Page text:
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Let there be a family consisting of 2 children such that :

B : Event in which both children in a family are girls.

L : Event in which at least one child is a girl
\begin{align} P(B\mid L)&=?\\ \text{I found it by enumeration as:}& \{(g,g),(g,b),(b,g),(b,b)\}\\ P(B|L)=1/3 \end{align} Is there a way of arriving at this answer without enumerating? \begin{align} P(B|L)&=P(BL)/P(L)\\ P(L)&=1-P(\text{No Girls})\\&=1-1/4=3/4\\P(BL)&=? \end{align} Obviously, the answer has to be $1/4$ and I can see that from the enumeration but I can't deduce why.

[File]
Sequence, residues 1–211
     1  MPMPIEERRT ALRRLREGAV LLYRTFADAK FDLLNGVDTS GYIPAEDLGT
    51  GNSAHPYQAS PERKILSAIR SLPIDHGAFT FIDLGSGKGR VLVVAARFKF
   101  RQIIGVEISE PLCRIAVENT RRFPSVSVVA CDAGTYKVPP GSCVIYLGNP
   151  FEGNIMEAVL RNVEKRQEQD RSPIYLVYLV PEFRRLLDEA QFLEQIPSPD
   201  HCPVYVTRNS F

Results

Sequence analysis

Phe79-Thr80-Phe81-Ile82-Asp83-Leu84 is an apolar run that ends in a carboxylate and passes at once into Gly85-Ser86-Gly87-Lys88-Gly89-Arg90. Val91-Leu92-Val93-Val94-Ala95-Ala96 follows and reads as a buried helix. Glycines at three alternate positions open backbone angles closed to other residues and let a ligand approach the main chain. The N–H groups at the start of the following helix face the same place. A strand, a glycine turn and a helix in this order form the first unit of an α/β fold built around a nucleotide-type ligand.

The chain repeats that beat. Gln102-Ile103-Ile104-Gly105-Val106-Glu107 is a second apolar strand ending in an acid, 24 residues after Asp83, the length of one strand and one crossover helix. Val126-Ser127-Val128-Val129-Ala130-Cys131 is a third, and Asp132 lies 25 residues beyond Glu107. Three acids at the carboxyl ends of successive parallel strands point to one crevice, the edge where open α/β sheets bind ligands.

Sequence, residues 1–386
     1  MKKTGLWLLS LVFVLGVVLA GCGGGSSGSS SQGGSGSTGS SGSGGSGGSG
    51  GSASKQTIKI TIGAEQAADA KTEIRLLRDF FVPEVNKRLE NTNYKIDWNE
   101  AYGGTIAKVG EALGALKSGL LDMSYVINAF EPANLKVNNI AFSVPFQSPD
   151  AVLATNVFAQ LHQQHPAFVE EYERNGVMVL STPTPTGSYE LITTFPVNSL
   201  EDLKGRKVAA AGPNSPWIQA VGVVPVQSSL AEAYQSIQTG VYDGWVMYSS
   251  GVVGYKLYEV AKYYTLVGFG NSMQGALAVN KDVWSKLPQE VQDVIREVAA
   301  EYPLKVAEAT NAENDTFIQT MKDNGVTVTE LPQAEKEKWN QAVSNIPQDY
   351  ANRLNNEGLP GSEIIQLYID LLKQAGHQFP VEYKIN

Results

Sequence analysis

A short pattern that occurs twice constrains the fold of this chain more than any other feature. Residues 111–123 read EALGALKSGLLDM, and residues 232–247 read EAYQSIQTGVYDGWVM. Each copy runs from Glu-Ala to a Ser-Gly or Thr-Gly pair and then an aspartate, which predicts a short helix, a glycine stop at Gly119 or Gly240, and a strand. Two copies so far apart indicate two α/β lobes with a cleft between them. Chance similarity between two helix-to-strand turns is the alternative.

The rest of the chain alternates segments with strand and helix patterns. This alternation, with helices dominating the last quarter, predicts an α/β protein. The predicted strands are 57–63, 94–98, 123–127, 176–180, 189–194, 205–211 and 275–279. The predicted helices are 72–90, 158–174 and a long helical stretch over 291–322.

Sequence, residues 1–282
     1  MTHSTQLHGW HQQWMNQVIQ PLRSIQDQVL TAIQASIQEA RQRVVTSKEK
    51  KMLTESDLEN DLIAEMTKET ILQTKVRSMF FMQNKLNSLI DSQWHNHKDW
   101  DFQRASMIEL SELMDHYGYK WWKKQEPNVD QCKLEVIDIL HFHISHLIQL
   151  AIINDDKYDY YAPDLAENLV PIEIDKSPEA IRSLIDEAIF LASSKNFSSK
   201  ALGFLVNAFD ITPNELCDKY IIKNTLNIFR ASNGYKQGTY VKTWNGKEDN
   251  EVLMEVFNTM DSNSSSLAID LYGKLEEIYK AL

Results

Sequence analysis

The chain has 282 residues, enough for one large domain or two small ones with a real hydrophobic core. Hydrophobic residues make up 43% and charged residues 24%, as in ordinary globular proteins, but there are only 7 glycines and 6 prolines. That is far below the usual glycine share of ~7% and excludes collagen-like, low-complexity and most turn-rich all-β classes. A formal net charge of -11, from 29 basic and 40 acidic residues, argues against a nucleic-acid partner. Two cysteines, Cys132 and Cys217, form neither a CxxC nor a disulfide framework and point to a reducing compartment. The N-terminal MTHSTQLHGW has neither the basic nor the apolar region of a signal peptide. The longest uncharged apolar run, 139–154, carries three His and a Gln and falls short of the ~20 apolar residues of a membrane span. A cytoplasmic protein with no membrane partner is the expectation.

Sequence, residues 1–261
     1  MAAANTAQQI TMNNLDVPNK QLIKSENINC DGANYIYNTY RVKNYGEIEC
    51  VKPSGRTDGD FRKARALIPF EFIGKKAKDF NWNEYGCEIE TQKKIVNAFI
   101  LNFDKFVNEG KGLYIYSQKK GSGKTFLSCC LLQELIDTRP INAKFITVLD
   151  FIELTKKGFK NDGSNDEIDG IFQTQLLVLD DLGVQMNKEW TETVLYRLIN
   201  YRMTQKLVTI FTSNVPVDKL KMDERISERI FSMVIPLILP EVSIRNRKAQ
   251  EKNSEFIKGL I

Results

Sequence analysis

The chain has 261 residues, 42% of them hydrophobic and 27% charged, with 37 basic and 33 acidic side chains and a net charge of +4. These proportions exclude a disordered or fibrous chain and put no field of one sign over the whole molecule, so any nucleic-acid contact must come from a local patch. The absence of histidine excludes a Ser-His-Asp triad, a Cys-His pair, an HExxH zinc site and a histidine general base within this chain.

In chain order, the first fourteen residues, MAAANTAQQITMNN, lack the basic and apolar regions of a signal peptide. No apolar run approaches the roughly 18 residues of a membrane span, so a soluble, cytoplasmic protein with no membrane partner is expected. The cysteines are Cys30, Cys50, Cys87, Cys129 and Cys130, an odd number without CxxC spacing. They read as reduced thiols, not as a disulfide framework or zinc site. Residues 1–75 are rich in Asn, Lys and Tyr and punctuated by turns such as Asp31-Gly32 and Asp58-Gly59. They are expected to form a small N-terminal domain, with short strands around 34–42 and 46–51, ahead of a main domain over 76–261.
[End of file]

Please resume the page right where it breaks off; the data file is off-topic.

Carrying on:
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up vote 2 down vote accepted

You’re almost there: the event $BL$ is the same as the event $B$, since $B\subseteq L$. Thus, $$P(BL)=P(B)=\frac14\;,$$ and your second calculation yields the result

$$P(B\mid L)=\frac{P(BL)}{P(L)}=\frac{1/4}{3/4}=\frac13\;,$$

just as it should.

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In this case the event $B$ is a subset of the event $L$. Another way of saying this is: if both are girls, then at least one is a girl. This means that $P(BL) = P(B)$. From here you can see the probability is $\frac{1}{4}$.

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